Kimura was not your average martial artist. Did you read the part about him training with the boxer? Great stuff to post as well if you can find it.

Take 4 guys and unknowingly pick on the greatest Judoka ever and anything can happen. Take any 4 people on this forum, and well, they will pound any one man to death, as long as they have intent to do so. (not that any of us have that intent). It comes down to how serious your attackers are, if you want to survive more than they want to hurt you, then you have a shot.

There are just too many variables. Can you run? Can you find something to use as a weapon? Were you aware that you were being targeted? I think if you stay mobile and can run, you always have a decent chance. Unless your slow and out of condition.

Back to BJJ, I think the point that they used to make, was that if you can't beat 1 person because you lack ground skills, how can you ever think you can fight 2 people?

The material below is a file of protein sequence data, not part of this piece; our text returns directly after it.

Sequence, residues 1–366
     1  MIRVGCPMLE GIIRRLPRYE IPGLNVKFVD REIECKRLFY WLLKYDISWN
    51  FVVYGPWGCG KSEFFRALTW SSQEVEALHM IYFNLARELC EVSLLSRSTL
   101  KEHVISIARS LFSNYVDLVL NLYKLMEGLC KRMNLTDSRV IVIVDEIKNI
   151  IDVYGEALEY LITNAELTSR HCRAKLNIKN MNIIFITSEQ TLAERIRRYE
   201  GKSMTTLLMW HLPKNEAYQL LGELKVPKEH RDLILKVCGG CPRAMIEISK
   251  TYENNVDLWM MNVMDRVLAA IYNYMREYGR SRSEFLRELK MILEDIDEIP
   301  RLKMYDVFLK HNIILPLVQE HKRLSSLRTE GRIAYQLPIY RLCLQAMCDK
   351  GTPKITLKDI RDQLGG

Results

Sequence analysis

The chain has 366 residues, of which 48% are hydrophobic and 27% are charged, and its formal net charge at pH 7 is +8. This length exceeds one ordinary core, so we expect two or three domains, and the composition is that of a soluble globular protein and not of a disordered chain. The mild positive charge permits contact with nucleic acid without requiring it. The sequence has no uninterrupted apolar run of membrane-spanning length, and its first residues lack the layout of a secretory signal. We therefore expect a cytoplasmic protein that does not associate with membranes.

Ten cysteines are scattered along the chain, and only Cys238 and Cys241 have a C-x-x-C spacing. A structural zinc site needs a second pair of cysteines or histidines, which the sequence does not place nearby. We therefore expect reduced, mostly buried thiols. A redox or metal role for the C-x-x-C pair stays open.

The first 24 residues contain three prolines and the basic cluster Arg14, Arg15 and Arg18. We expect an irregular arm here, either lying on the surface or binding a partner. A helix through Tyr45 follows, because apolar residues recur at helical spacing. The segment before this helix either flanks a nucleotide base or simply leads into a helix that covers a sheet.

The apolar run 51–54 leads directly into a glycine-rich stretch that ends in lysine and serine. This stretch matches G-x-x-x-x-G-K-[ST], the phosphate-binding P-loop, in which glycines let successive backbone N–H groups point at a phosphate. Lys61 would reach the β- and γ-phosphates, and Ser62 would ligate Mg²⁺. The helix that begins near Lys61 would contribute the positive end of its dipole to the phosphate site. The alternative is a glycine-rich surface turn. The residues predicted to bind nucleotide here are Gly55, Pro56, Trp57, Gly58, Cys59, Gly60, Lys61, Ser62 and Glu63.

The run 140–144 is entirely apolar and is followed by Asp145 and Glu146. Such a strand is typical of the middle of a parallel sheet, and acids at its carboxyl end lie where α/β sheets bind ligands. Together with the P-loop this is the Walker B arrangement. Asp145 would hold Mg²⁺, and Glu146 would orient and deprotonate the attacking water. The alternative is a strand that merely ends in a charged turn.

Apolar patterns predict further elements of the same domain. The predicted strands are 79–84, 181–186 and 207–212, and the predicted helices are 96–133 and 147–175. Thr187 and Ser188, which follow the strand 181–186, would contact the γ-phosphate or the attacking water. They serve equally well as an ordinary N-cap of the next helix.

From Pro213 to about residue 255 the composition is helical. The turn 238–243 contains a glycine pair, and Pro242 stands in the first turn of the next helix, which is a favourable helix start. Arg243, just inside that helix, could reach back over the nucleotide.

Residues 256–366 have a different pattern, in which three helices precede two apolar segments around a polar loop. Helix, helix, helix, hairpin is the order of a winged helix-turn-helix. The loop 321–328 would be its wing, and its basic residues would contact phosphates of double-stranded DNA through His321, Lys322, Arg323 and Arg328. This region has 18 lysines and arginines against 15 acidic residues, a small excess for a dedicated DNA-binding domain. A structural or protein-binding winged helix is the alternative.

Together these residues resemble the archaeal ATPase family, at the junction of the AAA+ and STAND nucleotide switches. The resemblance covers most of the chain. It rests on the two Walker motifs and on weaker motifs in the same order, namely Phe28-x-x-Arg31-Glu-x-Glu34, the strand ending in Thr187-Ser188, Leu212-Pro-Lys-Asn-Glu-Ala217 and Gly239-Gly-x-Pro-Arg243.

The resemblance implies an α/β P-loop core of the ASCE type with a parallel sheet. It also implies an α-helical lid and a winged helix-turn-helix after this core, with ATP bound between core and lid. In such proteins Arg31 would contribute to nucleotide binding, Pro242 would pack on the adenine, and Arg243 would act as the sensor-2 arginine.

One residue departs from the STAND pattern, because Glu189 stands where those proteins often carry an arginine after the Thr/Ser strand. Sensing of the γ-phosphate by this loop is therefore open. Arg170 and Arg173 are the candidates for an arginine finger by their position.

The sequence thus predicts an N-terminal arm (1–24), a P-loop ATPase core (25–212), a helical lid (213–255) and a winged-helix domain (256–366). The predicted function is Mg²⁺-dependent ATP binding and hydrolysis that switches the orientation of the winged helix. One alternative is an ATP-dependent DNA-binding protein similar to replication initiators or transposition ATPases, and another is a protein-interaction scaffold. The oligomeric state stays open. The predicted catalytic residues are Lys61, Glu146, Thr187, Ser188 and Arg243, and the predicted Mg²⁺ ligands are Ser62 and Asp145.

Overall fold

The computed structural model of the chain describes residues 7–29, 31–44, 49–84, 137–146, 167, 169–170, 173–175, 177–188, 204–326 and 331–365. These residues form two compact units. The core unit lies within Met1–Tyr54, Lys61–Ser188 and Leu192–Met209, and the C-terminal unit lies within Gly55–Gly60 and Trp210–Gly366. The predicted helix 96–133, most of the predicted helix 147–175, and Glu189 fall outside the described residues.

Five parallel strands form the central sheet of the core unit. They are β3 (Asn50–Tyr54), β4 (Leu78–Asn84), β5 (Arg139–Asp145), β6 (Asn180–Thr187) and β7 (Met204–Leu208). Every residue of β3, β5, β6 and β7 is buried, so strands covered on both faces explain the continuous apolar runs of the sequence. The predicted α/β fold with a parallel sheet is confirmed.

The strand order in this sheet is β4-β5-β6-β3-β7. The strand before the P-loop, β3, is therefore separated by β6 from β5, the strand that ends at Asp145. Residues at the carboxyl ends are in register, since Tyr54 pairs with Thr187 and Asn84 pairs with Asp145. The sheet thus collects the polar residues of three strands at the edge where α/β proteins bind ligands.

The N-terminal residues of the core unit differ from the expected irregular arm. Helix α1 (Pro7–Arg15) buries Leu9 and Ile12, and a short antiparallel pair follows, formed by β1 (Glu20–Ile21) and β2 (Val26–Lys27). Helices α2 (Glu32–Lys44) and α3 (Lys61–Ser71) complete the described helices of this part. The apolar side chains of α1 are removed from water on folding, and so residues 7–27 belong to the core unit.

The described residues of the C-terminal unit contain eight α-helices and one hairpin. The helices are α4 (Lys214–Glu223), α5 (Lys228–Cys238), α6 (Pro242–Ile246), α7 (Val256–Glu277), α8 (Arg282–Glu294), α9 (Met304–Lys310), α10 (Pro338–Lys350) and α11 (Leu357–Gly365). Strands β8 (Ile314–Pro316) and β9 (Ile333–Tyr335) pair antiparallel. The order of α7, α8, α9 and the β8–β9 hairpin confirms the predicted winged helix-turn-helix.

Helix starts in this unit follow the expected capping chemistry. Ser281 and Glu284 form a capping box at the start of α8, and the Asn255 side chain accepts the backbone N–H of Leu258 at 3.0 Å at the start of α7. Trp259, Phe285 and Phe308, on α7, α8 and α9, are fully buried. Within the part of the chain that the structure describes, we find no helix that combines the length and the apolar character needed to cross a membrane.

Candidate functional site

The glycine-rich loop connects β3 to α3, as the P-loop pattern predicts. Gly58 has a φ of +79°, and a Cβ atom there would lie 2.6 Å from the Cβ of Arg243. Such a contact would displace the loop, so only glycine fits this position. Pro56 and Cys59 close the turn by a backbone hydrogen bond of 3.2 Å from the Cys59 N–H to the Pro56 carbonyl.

One way to look at it is to imagine if you had to fight with only one arm -- it doesn't mean you can't fight, or that you may not win (especially against folks that are not skilled) but it is too much of a disadvantage to succeed against other skilled (competant) fighters. So it quite proper for the Gracies to say that no one can beat competant multiple attackers just as it is to say no one can beat a competant fighter with one of their arms tied behind their back.

Fight summary:

Judo Kick, followed by Seoi Nage, Judo Headbutt, and finally Judoka Steals Peaches!!!